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Afghanistan's Fight Against Female Drug Addiction: 500 Women Transferred to Treatment Centers

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Saboor Bayat
New Update
Afghanistan's Fight Against Female Drug Addiction: 500 Women Transferred to Treatment Centers

In a significant development, Afghanistan's Anti-Narcotics Department under the Ministry of Interior has reported the transfer of nearly 500 drug-addicted women to various treatment centers across the nation in the last six months. This move aims to address the escalating substance abuse issue among women and children in the country. Haseebullah Ahmadi, the department's head, revealed that this initiative has already provided treatment to 450 women and 250 children during this period.

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(Also Read: Afghanistan’s Role in Regional Stability: A Geopolitical Discussion)

Challenges in Rehabilitation

Despite these efforts, women undergoing treatment in Kabul have voiced their need for adequate shelter to support their post-addiction life. A 38-year-old woman, identified by the pseudonym 'Ayesha,' currently receiving treatment with her three children at a Kabul center, expressed fear of succumbing back to addiction without proper support systems in place. Her story is not an isolated one - many women at the center share a similar fate.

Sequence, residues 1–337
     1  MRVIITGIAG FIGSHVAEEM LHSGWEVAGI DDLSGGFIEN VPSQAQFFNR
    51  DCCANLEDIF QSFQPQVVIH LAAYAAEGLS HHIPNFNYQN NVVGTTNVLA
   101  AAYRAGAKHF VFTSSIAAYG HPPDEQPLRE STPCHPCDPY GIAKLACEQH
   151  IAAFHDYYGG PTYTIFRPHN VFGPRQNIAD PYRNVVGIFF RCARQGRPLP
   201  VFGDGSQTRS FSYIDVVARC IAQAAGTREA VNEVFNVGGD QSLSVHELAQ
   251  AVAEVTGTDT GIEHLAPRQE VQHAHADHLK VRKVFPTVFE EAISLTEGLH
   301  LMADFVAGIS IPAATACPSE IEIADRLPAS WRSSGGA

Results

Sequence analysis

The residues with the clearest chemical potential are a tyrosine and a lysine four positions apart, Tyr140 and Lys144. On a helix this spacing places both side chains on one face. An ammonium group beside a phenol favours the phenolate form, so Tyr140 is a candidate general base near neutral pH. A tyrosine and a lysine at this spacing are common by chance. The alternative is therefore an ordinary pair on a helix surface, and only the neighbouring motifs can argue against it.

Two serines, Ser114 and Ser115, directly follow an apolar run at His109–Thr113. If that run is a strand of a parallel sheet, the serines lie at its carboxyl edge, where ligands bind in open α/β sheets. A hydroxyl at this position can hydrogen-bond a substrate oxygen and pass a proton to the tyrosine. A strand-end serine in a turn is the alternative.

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Factors Driving Addiction

A physician at the facility, Najia, identified economic issues, family problems, psychological stress, and easy access to drugs as the primary causes of addiction. The lack of electricity and water at treatment centers, as highlighted by Shayeesta, the head of a treatment center, adds to the complexities of treating addicts.

(Also Read: Uzbekistan Highlights Afghanistan’s Pivotal Role in Regional Stability)

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Nationwide Addict Population

While the Ministry of Public Health in Afghanistan does not have recent and accurate data on the number of female addicts in the country, a 2018 analysis estimates that out of 3.5 million addicts, 58,000 are women and children. The Islamic Emirate has expressed intentions to expand trade through railway routes and the Chabahar port, potentially providing more resources for addiction treatment and prevention in the future.

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